Once written off for dead, the Trail Blazers are going to the NBA playoffs, and on Sunday the man who drove them there didn’t mince words on what it meant to him.
“Biggest accomplishment of my career,’’ team captain Damian Lillard said. “Lot of fingers were pointed at me from the outside when we struggled, and people said a lot of things about me. I didn’t make excuses or cry about it. I said I would be better and I would man up – and I did just that.
“Now we stay locked in and go try to shock the world,’’ Lillard said.
The Blazers (40-40) will play Golden State (66-14) in Lillard’s hometown of Oakland in a best-of-seven series that will start next weekend.
The Blazers were 11 games under .500 as they entered March and overcame as much as a three-game deficit to the Denver Nuggets. But behind a torrid March – during which Lillard was named Western Conference Player of the Month for averaging 29.1 points, 4.4 rebounds and 6.0 assists – the Blazers went 13-3 and overtook the Nuggets.
The final steps of their comeback came this weekend, when Lillard scored a franchise-record 59 points in a 101-86 win over Utah on Saturday, then watched Oklahoma City’s Russell Westbrook eliminate Denver with a three-pointer at the buzzer on Sunday afternoon.
"This season has had its challenges,'' Coach Terry Stotts said Sunday. "But the players never stopped competing. We had some difficulties along the way. I am so proud of our players and staff for grinding it out, believing in themselves and never quitting on the season.''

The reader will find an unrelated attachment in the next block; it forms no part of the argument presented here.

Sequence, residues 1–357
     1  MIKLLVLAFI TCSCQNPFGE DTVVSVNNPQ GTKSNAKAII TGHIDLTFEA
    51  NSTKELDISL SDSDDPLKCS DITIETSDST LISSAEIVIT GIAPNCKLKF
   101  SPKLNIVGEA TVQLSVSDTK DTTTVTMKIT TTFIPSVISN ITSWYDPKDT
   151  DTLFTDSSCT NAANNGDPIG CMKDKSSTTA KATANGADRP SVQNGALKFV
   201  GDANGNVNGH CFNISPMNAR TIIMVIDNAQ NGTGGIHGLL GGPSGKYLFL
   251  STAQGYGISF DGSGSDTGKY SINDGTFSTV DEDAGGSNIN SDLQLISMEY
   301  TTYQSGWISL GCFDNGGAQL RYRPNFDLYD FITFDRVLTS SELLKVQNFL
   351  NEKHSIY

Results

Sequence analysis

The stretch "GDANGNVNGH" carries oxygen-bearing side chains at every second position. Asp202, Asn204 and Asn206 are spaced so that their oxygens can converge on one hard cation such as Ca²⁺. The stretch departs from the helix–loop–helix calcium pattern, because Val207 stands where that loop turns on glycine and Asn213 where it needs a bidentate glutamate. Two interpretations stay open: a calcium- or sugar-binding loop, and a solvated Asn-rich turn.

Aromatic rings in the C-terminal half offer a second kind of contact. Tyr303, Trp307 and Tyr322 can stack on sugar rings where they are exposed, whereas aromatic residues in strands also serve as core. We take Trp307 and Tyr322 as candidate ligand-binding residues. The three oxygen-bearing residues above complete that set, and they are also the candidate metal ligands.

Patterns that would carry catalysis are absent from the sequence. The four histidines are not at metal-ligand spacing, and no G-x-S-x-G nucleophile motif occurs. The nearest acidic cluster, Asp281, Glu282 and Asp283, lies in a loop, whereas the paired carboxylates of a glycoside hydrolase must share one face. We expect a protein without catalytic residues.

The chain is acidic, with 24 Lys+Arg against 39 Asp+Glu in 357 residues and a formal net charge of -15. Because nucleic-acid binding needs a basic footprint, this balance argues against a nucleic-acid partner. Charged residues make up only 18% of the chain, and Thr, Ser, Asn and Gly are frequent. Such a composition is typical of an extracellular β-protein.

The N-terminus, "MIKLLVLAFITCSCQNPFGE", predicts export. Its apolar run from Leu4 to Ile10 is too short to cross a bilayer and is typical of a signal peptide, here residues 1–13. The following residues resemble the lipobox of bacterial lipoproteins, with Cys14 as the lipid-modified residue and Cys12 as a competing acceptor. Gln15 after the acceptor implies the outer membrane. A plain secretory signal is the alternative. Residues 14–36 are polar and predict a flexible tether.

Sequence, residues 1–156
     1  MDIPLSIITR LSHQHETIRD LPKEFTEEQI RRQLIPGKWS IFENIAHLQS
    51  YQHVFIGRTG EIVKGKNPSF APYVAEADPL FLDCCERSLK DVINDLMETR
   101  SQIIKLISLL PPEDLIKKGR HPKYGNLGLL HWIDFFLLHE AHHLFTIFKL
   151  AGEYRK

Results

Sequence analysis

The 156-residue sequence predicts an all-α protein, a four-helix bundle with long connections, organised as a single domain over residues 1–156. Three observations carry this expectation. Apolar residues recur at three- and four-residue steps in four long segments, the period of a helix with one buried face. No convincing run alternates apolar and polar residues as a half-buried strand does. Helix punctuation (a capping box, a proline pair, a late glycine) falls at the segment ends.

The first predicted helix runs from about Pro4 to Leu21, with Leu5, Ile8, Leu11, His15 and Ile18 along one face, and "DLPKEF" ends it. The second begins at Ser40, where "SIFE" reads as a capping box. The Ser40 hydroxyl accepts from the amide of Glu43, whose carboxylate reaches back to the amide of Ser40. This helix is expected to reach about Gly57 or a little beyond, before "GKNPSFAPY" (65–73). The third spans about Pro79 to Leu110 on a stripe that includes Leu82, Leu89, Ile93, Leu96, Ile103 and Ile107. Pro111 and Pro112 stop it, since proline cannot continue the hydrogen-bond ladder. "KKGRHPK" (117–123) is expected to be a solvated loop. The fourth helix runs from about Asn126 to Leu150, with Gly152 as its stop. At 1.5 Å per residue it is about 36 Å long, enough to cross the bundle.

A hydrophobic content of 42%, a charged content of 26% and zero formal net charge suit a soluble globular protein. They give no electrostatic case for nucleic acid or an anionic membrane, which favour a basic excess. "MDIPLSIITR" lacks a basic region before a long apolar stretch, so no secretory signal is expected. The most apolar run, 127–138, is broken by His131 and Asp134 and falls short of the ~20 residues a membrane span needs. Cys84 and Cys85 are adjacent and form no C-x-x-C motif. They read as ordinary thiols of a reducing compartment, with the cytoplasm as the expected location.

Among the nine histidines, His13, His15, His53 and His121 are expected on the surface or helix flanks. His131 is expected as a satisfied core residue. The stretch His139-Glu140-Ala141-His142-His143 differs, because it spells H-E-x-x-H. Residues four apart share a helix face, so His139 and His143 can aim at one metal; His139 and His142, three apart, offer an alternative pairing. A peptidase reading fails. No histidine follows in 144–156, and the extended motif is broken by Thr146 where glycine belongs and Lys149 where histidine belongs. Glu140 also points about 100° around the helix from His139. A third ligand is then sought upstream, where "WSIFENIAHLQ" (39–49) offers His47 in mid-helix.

The season turned in mid-February with two major events: The Feb. 12 acquisition of center Jusuf Nurkic in a trade with Denver, and the All-Star Break, which allowed Lillard to rest a nagging sprained ankle and clear up some consuming personal issues.
It was heading into that break, in a locker room in Utah after the Jazz blowout, where Lillard vowed to man up and play better when the team would regroup a week later in Orlando.
In the first game, Lillard scored 17 of his 33 points in the fourth quarter to lead a come-from-behind win and the resurgence began to take life.
While Nurkic become a cult hero in Portland – his passing, shot blocking, and late-game pick-and-roll magic causing “Nurkic Fever” -- it was often Lillard who was setting the tone. During a season-defining 4-1 road swing, Lillard averaged 12.3 points in the first quarter of those games, leading coach Terry Stotts to alternatively say Lillard “willed” the team or “set the tone” or “carried the responsibility.”
There were other contributions along the way, of course. Lost in Nurkic’s big night against Denver was CJ McCollum’s 39 points. Allen Crabbe scored 10 points in 48 seconds to resurrect the Blazers from the dead in the fourth quarter against Minnesota. Al-Farouq Aminu got hot just enough and played some yeoman’s defense, and Noah Vonleh became a solid rebounder and valuable perimeter defender.
But more than anything, it was Lillard, who is averaging a career-best 27.0 points with two more regular season games remaining.
Of all his accomplishments – Rookie of the Year, two All-Star appearances, two-time All-NBA, the shot to beat Houston, the 59-point night – Lillard now has his favorite: leading the Blazers back from dead and into the playoffs with a chance to shock the world.